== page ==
U.S. soldiers from Task Force "No Fear", Alpha Company, 2-27 Infantry "The Wolfhounds", fire a 120mm mortar at a Taliban position from Combat Outpost (COP) Pirtle King in Ghaziabad district, Kunar province, eastern Afghanistan September 26, 2011.

After 10 years of foreign military presence, the future of Afghanistan looks gloomy, with a weak and struggling government accused of corruption and an increase in violent insurgency as the promised withdrawal in 2014 looms.

U.S. troops invaded Afghanistan in October 2001 after Mullah Omar, the Taliban leader, refused to hand over al-Qaida leader Osama Bin Laden. The Taliban regime was quickly ousted and the new Karzai government backed by the U.S. and NATO.

Much effort has been expended over the decade to help train the government forces, but the country is still fractured and divided and the presence of foreign troops has given militants the pretext of resisting imperialism as they target Afghan civilians and NATO soldiers.

Since the announcement that foreign troops would fully withdraw in 2014, insurgents have clearly stepped up their violent attacks, successfully targeting government officials or governments allies, warning the population that government supporters will be the targets of choice.

NATO killings of civilians, along with years of living under constant threat, have also damaged the image of both the government and the foreign troops, with civilians wondering whether the invasion of their country was worth it.

Western officials, however, are less inclined to describe the Afghan campaign as a failure and many maintain the country will be a viable state by 2015.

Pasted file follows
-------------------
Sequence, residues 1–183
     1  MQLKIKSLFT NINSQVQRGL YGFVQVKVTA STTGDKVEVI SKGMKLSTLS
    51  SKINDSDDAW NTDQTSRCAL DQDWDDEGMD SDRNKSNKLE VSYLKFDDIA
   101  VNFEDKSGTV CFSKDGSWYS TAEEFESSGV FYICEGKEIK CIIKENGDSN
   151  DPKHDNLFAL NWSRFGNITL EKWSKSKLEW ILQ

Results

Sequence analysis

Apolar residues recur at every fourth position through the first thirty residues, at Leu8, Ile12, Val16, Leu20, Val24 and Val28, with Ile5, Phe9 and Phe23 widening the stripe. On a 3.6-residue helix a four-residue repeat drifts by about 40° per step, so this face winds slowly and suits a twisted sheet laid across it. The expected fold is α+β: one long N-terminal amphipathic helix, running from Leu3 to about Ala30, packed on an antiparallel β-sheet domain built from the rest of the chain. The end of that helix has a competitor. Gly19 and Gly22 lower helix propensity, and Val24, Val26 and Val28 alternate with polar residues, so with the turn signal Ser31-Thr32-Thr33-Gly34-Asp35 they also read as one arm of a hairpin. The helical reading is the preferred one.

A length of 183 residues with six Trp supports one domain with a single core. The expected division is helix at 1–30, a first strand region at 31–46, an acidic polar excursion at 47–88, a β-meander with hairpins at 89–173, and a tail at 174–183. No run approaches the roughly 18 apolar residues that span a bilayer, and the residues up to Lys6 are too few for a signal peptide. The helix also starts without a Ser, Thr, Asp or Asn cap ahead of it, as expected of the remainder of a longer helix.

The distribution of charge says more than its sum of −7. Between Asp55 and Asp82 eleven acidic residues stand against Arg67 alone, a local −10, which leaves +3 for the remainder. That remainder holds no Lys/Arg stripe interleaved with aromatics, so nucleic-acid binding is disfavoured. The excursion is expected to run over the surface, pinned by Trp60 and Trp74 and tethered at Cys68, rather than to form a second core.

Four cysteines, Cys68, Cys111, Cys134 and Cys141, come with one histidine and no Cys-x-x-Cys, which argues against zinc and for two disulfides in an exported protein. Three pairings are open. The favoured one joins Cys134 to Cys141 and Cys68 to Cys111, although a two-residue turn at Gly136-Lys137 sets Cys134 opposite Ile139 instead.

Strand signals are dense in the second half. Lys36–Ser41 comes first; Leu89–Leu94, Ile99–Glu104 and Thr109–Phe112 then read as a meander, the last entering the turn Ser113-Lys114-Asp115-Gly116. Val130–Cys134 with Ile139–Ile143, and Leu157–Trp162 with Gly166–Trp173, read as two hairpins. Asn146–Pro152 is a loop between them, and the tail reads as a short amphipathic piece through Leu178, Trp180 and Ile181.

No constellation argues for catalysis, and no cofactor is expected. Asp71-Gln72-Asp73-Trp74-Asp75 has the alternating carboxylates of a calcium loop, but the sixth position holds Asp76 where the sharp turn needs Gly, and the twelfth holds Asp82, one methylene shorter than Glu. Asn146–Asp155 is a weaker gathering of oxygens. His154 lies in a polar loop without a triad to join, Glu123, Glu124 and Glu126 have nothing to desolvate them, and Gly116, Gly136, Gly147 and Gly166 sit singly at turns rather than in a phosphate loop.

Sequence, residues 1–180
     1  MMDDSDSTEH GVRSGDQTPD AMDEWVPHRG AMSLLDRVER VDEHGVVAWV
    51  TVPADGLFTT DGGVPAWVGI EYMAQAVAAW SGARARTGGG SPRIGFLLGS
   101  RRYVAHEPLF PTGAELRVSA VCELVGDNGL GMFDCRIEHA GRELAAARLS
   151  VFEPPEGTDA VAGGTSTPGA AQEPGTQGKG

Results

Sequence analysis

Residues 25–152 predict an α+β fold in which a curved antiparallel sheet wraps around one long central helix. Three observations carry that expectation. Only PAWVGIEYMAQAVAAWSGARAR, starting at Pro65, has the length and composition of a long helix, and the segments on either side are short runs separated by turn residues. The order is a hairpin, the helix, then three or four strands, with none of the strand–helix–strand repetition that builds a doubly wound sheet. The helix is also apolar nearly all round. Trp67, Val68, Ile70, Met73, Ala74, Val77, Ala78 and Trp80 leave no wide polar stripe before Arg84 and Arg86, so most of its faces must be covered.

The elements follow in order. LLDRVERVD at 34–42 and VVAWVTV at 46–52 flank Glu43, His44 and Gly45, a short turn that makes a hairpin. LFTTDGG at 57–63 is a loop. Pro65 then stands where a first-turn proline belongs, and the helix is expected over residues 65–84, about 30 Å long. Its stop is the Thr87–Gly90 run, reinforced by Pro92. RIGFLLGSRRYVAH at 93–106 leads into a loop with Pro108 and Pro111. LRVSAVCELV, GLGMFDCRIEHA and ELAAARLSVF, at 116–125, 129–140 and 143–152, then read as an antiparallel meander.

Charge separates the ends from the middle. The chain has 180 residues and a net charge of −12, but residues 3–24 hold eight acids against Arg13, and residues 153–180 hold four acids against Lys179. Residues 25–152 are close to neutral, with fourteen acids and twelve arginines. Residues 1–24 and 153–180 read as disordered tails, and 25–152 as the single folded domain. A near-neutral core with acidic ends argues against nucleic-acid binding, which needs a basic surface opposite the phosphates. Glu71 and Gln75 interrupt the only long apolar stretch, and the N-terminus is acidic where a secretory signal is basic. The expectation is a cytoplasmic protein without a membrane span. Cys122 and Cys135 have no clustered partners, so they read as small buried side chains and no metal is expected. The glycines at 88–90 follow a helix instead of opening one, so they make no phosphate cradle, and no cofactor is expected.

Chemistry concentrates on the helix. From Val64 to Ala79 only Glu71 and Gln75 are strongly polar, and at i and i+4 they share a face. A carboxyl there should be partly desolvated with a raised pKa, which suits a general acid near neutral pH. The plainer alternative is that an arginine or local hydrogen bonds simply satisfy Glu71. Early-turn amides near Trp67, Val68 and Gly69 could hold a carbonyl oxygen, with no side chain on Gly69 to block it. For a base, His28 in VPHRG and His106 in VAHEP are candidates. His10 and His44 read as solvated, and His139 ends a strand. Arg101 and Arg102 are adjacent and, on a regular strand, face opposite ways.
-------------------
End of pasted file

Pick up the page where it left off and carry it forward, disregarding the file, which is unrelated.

Few, however, explain how they expect the war-torn Afghanistan we still see today to turn itself around in the space of just three years, especially with no end in sight to the Taliban's renewed violent activities.

According to the Agency Co-ordinating Body for Afghan Relief about $57 billion (£37 bilion) of aid has been disbursed over the past decade and while progress have been made in certain areas, spending has not always translated into real improvements for many Afghans and figures offered by the government are often misleading.

While data from the Public Health Ministry say that now 80 per cent of Afghans have access to health services, compared to just 9 per cent in 2001, other reports show the clinics are often closed and lack medical material, medicines or staff.

The same can be said of schools, with many lacking staff, textbooks, and often being forced to operate in poor facilities.

To add the country's problems, it has also been hit by the worst drought in a decade, with the World Food Programme saying it expects that 2.6 million people will need aid.

Rights group Amnesty International has earlier this year praised the advances made in area such as human rights laws, the availability of education and health services and reduced discrimination against women, but warned there is still much work to do in fields such as justice and policing, security and displacement.

"The Afghan government and its partners can't continue to justify their poor performance by saying that things are better than during the 1990s," said Sam Zarifi, Amnesty's Asia Pacific director.

Both the Afghan government and NATO and U.S. officials still insist the country is better off than 10 years ago, if not as much as promised. Perhaps the most disturbing thing in the case of Afghanistan is that the alliance and the U.S. government have kept on sponsoring a government which has continually been accused of corruption, nepotism and clientelism, proving yet another example that Western democracy cannot just be exported to a different part of the world by using military force.